In a commentary first published by the Connecticut Post, two-time mayoral candidate City Councilman Enrique Torres writes, “If we lower taxes, businesses will come. Jobs will come. Crime will come down. Children will stop shooting each other.” From Enrique:
David Kooris, Bridgeport’s economic development director, recently switched hats and became a cheerleader by penning a lengthy Op-Ed in the Connecticut Post.
Mr. Kooris failed to mention economic development in Bridgeport is done at a massive cost to the taxpayers of this city and of the entire state. Every single ounce of dirt moved in Bridgeport is paid for by taxpayers. We are the chump partners in every economic development deal the city brokers.
In the last two Common Council meetings, we have approved a tax abatement of nearly 75 percent and 66 percent for two projects. Do you think the beneficiaries might donate to Mayor Finch’s campaign? This month’s meeting approved another 10-year abatement to a Black Rock developer. Mr. Kooris gives millions to millionaires. I am the last guy in the world to delve into class warfare, but this is truly crony-capitalism.
Democrats, I have heard, are dead set against crony-capitalism. Democrats are all about the little guy, not the millionaires, right? Well I guess, at least in Bridgeport, these axioms are false. Mr. Kooris’ team doles out our money to any millionaire who puts the squeeze on Bridgeport. The notion of lowering taxes across the board never crosses their mind.
If it makes sense to abate taxes to get developers to come, and it makes sense for states like New York and now Connecticut to promise low or no taxation for 10 years to lure companies, then clearly there is a correlation between low taxes/reduced regulation and a robust economy across the board, right? Why not apply this logic of low taxation to both lure new economic development and help existing businesses (large and small) that have already set up shop in Bridgeport?
I suspect Mr. Kooris’ letter provides, in part, the answer. Government leaders suffer from a little thing I call “Smartest Person in the Room” (SPITR) syndrome. Mr. Kooris, Mayor Finch and Gov. Malloy are three SPITRs. They need to have their hands in the pot to take credit for economic development. However when deals go sour, no one mentions it in any letter. Do you remember Derecktor Shipyards? In this case, the state and city lost millions and no one was fired.
Mr. Kooris is right to suggest economic development of all kinds is the solution for Bridgeport’s ills. However what Mr. Kooris, most politicians and practically all bureaucrats don’t understand is economic development, when done right, is an organic process. It does not need the fertilizing hand of government to take root or the pesticide can to prevent competition. The less government does the more likely we are to see healthy, fruitful, self-sufficient and organic outcomes. Without government’s “help” we can expect unexpected brilliance. Sometimes bad ideas crop up as well, but taxpayers lose nothing. Companies like Apple, Facebook and Instagram are examples.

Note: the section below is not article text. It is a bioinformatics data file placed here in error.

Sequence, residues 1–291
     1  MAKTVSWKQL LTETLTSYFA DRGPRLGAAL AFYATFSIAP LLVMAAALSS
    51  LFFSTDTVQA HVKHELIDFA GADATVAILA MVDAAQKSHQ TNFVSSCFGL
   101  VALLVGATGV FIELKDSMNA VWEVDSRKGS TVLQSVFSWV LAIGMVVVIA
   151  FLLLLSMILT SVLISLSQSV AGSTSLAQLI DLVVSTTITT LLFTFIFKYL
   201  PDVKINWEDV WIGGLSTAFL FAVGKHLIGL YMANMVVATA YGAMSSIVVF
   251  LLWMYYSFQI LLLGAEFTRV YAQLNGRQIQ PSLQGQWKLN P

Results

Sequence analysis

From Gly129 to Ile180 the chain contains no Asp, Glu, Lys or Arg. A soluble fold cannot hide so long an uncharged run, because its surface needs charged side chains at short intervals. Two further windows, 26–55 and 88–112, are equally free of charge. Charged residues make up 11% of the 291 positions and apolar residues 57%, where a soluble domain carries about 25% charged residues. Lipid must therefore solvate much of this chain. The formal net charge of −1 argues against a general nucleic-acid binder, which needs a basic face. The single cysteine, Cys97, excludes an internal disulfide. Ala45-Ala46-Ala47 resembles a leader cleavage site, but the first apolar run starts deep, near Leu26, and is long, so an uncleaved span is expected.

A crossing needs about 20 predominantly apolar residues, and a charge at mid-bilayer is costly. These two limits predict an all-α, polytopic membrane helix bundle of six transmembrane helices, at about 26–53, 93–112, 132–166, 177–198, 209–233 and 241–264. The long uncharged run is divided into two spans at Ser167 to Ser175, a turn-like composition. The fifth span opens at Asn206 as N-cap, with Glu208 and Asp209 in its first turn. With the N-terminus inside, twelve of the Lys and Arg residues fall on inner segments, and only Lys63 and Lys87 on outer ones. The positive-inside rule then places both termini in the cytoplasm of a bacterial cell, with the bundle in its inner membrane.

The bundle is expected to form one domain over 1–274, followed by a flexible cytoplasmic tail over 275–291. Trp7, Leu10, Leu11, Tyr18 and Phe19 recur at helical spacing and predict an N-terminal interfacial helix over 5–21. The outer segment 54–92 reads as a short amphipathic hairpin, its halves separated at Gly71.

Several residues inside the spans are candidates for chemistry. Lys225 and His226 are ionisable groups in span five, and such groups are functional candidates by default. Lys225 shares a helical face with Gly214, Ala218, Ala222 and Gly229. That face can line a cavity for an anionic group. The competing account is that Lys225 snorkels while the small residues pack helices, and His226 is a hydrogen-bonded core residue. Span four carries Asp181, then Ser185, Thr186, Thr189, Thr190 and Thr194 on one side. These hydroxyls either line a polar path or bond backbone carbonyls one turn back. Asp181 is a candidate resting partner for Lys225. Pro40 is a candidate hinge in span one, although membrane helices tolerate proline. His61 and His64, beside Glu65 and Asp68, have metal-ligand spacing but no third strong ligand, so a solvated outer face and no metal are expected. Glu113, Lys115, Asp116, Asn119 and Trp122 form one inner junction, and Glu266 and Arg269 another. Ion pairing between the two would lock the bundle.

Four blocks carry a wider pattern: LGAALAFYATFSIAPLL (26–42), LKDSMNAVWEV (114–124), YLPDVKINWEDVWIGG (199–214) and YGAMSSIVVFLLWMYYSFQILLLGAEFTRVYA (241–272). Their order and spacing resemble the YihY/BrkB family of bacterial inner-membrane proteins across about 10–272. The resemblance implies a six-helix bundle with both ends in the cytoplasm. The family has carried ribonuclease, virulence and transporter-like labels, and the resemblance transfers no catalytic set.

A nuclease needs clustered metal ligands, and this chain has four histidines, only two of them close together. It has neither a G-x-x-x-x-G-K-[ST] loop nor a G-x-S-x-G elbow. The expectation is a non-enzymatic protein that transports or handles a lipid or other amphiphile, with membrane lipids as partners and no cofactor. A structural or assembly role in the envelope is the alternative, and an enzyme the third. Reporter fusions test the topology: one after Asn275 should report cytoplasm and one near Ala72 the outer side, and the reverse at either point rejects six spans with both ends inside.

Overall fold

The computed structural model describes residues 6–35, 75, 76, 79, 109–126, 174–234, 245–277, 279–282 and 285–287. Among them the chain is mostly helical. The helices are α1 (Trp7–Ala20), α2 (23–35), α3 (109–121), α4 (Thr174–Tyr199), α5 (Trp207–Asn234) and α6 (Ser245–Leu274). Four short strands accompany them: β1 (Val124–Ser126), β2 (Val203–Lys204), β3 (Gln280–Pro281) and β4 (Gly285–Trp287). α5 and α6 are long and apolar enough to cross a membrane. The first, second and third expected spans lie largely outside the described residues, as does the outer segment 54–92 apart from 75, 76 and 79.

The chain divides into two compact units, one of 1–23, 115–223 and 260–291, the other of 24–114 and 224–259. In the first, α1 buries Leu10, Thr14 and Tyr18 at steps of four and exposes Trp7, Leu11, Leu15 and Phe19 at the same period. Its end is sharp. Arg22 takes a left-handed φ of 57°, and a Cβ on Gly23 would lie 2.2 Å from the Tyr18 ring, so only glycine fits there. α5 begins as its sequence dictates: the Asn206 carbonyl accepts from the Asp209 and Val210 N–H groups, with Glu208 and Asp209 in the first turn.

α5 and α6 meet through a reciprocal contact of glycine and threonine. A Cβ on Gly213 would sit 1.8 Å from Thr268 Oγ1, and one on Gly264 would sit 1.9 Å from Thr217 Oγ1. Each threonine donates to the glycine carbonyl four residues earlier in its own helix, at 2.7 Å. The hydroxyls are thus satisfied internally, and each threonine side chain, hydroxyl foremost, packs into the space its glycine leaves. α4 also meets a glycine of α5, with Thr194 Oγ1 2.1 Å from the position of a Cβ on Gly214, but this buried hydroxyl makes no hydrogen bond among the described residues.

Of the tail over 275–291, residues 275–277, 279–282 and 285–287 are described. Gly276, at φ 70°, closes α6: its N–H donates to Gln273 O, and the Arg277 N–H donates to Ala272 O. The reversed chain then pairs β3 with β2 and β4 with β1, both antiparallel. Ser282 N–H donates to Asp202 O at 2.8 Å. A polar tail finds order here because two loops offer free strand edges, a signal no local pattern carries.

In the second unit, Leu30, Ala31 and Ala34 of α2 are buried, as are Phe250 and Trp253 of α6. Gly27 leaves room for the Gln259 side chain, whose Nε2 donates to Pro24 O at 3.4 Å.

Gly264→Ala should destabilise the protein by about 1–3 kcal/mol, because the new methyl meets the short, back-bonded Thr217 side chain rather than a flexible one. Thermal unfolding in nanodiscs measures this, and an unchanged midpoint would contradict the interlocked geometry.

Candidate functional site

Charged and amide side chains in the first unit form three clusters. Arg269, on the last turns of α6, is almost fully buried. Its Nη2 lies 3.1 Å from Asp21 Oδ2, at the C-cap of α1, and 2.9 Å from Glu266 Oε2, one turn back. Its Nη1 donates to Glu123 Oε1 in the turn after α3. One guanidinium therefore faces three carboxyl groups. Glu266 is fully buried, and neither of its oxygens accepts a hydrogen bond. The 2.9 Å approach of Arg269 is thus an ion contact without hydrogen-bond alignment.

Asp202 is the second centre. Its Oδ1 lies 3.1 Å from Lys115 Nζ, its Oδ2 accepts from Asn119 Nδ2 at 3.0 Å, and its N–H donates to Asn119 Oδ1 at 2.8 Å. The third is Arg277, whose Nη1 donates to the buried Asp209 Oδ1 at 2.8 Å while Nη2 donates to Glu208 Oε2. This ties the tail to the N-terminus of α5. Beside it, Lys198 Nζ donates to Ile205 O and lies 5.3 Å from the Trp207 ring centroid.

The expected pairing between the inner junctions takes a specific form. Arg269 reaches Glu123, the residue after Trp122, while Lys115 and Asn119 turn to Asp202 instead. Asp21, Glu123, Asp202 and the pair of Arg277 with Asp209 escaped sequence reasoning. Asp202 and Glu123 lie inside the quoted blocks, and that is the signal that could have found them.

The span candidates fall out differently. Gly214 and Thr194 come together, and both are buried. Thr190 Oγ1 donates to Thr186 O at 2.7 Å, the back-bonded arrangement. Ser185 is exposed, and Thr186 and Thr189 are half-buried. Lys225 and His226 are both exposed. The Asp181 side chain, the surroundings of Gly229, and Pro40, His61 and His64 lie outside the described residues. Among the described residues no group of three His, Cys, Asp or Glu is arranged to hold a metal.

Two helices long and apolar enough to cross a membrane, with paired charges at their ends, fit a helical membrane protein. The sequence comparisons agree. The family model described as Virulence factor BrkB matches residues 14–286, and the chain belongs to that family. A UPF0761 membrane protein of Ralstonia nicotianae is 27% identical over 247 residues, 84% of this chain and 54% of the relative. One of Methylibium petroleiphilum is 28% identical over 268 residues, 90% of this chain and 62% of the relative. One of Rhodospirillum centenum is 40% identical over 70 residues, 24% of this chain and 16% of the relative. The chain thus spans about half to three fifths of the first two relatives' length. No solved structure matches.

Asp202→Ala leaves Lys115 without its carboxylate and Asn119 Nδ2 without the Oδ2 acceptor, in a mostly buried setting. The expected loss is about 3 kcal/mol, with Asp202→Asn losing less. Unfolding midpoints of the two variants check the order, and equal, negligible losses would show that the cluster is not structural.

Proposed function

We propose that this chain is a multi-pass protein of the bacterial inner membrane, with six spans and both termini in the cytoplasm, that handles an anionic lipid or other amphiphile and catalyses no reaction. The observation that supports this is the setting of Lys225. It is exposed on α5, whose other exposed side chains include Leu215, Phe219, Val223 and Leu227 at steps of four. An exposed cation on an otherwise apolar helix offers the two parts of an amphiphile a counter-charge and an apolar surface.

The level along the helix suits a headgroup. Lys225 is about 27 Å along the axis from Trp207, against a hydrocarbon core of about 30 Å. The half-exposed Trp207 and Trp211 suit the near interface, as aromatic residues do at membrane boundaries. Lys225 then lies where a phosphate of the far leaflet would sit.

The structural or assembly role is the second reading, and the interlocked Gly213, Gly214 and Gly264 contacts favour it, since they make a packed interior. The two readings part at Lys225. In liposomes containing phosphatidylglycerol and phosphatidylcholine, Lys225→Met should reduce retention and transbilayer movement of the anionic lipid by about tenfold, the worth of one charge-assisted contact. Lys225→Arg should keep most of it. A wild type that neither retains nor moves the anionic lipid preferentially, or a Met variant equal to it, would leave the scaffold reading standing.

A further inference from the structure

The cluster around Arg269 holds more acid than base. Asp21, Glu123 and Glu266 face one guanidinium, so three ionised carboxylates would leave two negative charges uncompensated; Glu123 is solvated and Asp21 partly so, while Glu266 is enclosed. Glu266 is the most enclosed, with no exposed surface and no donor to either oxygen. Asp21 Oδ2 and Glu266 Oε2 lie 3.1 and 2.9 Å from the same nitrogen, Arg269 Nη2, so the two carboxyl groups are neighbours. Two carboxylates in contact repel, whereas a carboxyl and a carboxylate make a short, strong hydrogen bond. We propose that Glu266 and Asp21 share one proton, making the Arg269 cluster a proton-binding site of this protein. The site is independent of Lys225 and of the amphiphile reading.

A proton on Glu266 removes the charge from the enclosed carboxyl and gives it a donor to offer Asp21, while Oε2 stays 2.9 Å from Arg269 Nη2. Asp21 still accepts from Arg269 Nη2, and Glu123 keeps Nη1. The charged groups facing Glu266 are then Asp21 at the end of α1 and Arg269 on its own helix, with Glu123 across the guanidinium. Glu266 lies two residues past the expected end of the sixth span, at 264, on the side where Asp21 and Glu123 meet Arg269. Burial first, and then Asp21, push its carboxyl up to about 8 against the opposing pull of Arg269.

When Mr. Kooris abates taxes for his favorite projects, it remedies one problem while aggravating others. Businesses that pay less taxes have an advantage over those paying full taxes.
In Bridgeport, the death knell tolls each time we top some “highest taxed in the country” list. But like Lazarus, we can rise again. Bridgeport must raise a flag of lowering taxes and wave it high. Here’s how:
1. Establish a hiring freeze for city workers. Replace only those absolutely necessary to operate the city and absolutely stop hiring friends.
2. Eliminate useless political patronage departments. Once, when Bridgeport was thriving, we operated the city with many less offices.
3. Dedicate all new revenue from increased economic activity for the purpose of continuing to lower taxes.
4. Eliminate the 999 Broad Street City Hall. This building is one of the most energy inefficient buildings in the city. The few people that work there can easily be relocated to other city buildings. This waste can be converted to lowering taxes. The proceeds of its sale should go to retire debt.
5. Stop building new parks. We have beautiful parks in this city. Parks are equivalent to the icing on a completed cake. We need to work on our baking skills.
6. Stop tearing down old schools. There is nothing wrong with an old school. Yale is over 315 years old. Should we tear it down?
These ideas and countless others will lower taxes. Bridgeport must prove it is dedicated to lowering taxes. If we lower taxes, businesses will come. Jobs will come. Crime will come down. Children will stop shooting each other.